If you’d rather do something without table service (splitting the bill has been known to end many a friendship) or those famished from a day of sightseeing, Shake Shack (1 Old Fulton St.) is great for picking up a to-go bag and doing a parkside picnic. Sip on one of their signature Four & Twenty Blackbirds pie-infused concrete shakes while taking the East River ferry ($4) for a cheap and ‘gram-worthy route to Manhattan or Greenpoint. (For anyone not blessed with a Shake Shack in their home state, this really can be a truly religious experience.)

On a hot day, the Brooklyn Ice Cream Factory (Pier 11, Fulton Landing) is irresistible. Cones are around $5. But if the lineup is long or you’d rather indulge for cheaper, you can always take shelter in the air-conditioned and less expensive Jacques Torres Chocolate (66 Water St.), where chocolates run about $1.80 per piece.


<img src=”http://cdn2.teen.com/wp-content/uploads/2014/10/drunk-dumbo.gif” alt=”” width=”450″ height=”300″ />

Good job, champ. Now go get Dumbo drunk.


You made it! You got through a whole day of sights, nosh and cultural experiences in Dumbo with tourists in tow, and you didn’t break the bank (we hope). Here at Brokelyn, we believe that deserves a drink. A cheap drink, of course. So here’s a list of great happy hours to enjoy with friends or family after a day well-spent:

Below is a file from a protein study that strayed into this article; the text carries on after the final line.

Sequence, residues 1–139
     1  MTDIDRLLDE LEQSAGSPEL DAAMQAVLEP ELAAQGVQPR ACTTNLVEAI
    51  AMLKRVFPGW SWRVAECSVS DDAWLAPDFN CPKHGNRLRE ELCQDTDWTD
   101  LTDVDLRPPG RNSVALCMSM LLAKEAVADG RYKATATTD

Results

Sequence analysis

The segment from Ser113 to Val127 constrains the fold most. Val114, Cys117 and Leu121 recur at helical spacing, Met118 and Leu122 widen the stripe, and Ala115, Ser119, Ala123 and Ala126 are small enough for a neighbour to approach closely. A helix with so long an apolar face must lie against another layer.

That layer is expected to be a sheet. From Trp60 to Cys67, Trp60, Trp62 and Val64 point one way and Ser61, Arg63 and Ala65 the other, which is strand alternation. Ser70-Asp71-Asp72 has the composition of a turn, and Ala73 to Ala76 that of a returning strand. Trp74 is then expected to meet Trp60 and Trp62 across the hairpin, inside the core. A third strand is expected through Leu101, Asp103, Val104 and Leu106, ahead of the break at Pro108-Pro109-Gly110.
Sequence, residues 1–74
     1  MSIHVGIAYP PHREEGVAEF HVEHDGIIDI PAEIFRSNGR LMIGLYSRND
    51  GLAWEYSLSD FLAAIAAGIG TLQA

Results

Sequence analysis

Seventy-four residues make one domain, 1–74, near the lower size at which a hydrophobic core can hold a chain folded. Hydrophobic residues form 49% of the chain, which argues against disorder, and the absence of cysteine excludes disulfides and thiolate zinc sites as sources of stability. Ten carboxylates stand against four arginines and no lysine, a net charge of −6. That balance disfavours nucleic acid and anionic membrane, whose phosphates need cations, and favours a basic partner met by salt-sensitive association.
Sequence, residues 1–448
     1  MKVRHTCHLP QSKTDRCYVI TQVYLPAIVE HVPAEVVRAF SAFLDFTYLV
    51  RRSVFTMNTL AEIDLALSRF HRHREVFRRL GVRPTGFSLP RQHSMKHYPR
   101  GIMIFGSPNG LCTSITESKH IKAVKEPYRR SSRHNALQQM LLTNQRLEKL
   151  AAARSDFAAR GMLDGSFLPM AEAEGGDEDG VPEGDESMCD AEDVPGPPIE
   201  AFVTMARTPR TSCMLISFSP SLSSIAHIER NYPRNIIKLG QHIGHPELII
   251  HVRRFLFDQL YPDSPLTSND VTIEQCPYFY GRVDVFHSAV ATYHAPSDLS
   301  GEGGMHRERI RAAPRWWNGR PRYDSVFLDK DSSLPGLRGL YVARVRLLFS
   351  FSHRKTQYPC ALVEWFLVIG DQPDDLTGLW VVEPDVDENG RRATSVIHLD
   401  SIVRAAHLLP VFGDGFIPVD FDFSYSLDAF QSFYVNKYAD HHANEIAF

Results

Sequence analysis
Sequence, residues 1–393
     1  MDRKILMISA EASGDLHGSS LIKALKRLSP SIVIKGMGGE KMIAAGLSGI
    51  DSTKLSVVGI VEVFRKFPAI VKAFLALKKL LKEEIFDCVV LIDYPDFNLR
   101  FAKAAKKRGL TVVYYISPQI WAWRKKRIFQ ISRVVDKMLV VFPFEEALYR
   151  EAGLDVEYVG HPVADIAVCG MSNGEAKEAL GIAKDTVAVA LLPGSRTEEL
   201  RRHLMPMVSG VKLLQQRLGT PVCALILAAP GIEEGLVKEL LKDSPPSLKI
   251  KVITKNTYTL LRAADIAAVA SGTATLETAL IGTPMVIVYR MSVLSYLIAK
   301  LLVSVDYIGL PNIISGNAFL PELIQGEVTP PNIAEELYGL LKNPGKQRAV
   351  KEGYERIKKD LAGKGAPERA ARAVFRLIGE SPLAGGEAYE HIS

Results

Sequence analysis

Before heading home for the day, take advantage of these great happy hour specials:

From 2-7pm, 68 Jay Street Bar has $2 Yuengling bottles, $3 drafts and $4 glasses of wine.

From 4-7pm, Superfine (126 Front St.) features $3.50 well drinks, $3 draft beers, and free pool tables.

From 4-7pm, Olympia Wine Bar (54 Jay St.) touts $5 glasses of wine, plus a $12 cheese plate.

The quintessential “Brooklyn” experience? Following Rebecca on Twitter: @viewfromthest


Originally published on 5/16 in Brokelyn.